Some iodine and hospital beds make themselves known as does beach pebbles and blue slate.
A flinty minerality brings me in to sip…
In the mouth — Initial pepper sting that sticks to the tip of the tongue as the oily build dances about mid-palate. If I had to guess, I’d say this is a Caol Ila.
Very edgy stuff, not rounded in any way, which is nice. You get the softness from the lower ABV but the edginess from the youth of the whisky.
Think flint stones (not Flintstones) meets burnt brush and driftwood meets seaweed and burning peat meets dandelion jam and lavender with a hint of lemon rind.
Finish — Lasting, citrusy and sooty
In sum — What a way to enjoy a younger Islay whisky. Though I normally prefer the brash in-your-face-ness of young Islay whisky, the water tamed it to the perfect just-sit-and-relax ABV. My initial reaction was “another 43% whisky from Samaroli, really?” However, this was simply loverly whisky. I enjoyed the interplay between youth and elegance (by way of lower ABV).
Region – Kentucky – Special pick by Gene at Warehouse Liquors – Single Barrel # 922 Rick House “N” – Floor 5-3-3, 55% ABV (multiply ABV x 2 to get “proof” – I really prefer the use of ABV, less multiplication, and more direct – come on America!!!).
Number of bottles ?? Cost: $55
I bought this bottle on the suggestion of Warehouse Liquors store proprietor, Gene. If you’re ever in Chicago, Warehouse Liquors is a sight for sore whisk(e)y eyes. Like Binny’s, Kenwood, Antioch (and many others… the list could go on, really), Warehouse Liquors is a whisk(e)y destination that helps put Chicago on the map. Beyond the store itself (300+ ‘Murrican whiskeys, and 650+ single malt whiskies, Scotch and otherwise), it is Gene himself that puts Warehouse liquors on the map. A fountain of knowledge, that one.
Ok, so, the whiskey… I have never, ever, been a fan of the Russell’s Reserve Single Barrels. Most people love these releases but it tends to not fit my flavor profile. Each to their own, right?
However, Gene is one of those in the whisky industry that I trust. His knowledge, his taste, etc… He’s been able to gauge my palate pretty well, and he’s done so in a fairly quick fashion. So, when he suggested I buy this RR SB that he picked, I said no (the first time). Did I mention that I just don’t like RR SBs?
Then I came back to Chicago this week, and he pressed me again. Who am I to say no to someone a second time? Sometimes you just gotta say…
So, against my better judgement based on the releases I prefer to stay aware from, but in favor of my judgement on Gene, his selections, and suggestions based on his knowledge of my palate, I pressed ahead and got a bottle.
My thoughts? Funny you should ask…
On the nose — The first note is big, and it is buttered popcorn (and not a bowl of cherries, as I assume to be smacked with when it comes to the RR SBs).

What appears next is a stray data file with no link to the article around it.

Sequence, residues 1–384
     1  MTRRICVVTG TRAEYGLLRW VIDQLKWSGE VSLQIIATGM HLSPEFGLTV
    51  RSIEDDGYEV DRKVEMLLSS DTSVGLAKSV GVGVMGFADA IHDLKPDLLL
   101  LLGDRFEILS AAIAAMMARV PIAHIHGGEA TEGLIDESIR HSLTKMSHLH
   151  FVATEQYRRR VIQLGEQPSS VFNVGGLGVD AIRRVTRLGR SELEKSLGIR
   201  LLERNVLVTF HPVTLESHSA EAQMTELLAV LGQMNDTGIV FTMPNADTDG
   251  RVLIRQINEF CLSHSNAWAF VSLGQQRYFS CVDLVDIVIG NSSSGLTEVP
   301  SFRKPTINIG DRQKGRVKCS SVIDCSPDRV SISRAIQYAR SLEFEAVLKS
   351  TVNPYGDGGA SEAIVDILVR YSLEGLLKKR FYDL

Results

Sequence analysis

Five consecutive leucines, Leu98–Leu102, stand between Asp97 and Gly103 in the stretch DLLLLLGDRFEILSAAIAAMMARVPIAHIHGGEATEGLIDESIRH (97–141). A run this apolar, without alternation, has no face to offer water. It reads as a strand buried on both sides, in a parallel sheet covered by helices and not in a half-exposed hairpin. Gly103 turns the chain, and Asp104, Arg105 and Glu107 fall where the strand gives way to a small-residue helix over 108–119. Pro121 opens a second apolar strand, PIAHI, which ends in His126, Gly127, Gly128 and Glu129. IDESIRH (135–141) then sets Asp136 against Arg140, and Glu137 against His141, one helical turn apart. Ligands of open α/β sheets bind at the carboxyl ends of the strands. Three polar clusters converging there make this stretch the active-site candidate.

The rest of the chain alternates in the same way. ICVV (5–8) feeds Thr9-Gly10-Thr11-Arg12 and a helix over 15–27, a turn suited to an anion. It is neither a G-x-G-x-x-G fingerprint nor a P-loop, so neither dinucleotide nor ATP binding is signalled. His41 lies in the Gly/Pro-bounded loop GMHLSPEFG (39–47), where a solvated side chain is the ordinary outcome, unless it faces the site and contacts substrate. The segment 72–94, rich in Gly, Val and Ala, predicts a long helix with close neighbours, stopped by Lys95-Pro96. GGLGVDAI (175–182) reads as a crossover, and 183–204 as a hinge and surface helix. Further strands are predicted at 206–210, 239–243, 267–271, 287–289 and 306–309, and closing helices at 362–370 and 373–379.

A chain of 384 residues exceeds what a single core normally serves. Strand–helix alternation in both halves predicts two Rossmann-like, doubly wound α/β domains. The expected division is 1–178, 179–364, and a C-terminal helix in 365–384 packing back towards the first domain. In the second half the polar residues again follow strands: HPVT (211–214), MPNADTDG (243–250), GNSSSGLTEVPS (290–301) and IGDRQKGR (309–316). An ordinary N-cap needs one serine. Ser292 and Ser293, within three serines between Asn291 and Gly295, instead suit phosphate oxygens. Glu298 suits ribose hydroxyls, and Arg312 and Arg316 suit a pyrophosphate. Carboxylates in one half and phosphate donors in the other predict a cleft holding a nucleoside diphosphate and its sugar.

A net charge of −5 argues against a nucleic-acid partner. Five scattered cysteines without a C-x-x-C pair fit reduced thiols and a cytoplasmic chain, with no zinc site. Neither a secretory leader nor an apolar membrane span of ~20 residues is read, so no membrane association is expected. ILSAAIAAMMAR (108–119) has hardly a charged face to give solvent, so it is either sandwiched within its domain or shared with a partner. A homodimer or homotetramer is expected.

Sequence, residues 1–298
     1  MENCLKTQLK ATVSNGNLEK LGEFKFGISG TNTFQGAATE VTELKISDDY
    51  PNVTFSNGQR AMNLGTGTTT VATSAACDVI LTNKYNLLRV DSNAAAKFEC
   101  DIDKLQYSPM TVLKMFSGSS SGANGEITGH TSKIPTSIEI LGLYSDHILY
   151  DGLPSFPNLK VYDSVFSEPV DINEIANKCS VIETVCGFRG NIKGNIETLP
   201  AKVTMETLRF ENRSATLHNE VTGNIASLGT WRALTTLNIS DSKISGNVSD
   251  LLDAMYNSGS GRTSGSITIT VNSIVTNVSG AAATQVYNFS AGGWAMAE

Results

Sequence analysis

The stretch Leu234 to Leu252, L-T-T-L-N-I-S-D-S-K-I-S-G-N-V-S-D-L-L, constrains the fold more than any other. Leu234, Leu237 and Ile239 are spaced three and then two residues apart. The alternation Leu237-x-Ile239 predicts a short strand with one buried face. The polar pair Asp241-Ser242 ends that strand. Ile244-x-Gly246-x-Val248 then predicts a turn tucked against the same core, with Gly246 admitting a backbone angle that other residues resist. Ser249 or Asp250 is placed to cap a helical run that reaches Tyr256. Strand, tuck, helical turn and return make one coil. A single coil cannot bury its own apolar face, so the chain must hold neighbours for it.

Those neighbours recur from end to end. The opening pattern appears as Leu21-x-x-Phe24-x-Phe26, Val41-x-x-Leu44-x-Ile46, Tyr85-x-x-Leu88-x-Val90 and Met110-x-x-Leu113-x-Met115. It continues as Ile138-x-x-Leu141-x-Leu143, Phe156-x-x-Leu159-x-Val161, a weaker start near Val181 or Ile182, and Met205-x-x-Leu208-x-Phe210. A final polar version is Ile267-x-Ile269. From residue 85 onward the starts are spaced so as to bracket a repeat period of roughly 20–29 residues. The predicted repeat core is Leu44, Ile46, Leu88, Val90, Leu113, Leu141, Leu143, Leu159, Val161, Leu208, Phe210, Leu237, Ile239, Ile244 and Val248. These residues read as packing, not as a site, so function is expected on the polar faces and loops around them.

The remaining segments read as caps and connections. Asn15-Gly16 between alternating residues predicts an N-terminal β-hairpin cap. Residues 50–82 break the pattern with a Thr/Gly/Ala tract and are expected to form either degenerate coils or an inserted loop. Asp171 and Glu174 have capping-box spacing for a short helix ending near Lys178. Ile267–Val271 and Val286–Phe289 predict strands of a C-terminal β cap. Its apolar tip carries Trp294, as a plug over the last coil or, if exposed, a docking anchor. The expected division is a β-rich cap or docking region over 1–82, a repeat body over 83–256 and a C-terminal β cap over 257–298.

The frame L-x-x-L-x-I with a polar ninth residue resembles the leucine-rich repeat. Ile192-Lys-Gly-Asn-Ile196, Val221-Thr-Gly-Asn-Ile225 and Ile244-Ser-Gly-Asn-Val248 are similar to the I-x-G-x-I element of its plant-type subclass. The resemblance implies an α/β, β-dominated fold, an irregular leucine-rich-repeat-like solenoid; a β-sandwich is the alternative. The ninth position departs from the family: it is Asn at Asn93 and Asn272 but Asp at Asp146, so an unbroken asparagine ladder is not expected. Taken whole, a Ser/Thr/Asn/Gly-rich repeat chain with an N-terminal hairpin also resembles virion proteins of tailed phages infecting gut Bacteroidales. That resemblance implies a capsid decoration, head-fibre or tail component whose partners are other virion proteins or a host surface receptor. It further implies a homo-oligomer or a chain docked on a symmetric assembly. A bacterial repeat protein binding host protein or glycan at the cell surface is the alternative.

The nose is a little hot, which is to be expected (potentially) given the 55 ABV%. After a couple minutes in the glass, the heat goes away (far away), and I detect cooked tangerine skins, citrus pith, crushed vanilla pods and soft oak.
Surprisingly, given that this is a #4 char (which is a heavy char, by the way), I’m not smacked in the face with oak. This makes me happy as the grains are fully present here, as are bourbon soaked cherries (subtle note, and yum!).
There’s a cologne note here, too. Elegant. Not Axe, not old spice, something old worldy.
Wow, now there’s a note of turkish delights, too (rose water, pistachio and powdered sugar). Call me happy so far!
In the Mouth — *Easy* entry, oily mouthfeel. Slightly herbaceous but balanced by candied orange peel and stewed fruits.
I can not stress this enough – the mouthfeel is fantastically unctuous.
Because this is not smacking you with oak, this whiskey demands that you focus on the grains. So, let’s do that, shall we?
There’s a corn sweetness here that makes me pine for autumn. Subtle rye spice, hints of caraway. Maraschino cherries (real homemade ones, not that jarred stuff you find everywhere).
Finish — Hints of citrus, spice and soft oak. Slightly tannic, and medium in length.
In sum — Either I’m starting to dig RR SBs or I’ve found two this year that I like (the other being from Gordon’s Fine Wines out of MA – review to follow shortly-ish).
What I really enjoyed about this one was that it wasn’t all wood and cherries. This is complex, and a fine pick that brings you out of your bourbon-comfort zone, and challenges you. Not that bourbons aren’t challenging. Rather, the oak tends to make flavors dense. And with this one, it’s all about the grain with oak as a component instead of a dictator. This one is a drinker and worth the $$ paid, no doot aboot it.
Thanks for pushing me, Gene. You were right. Great barrel selection!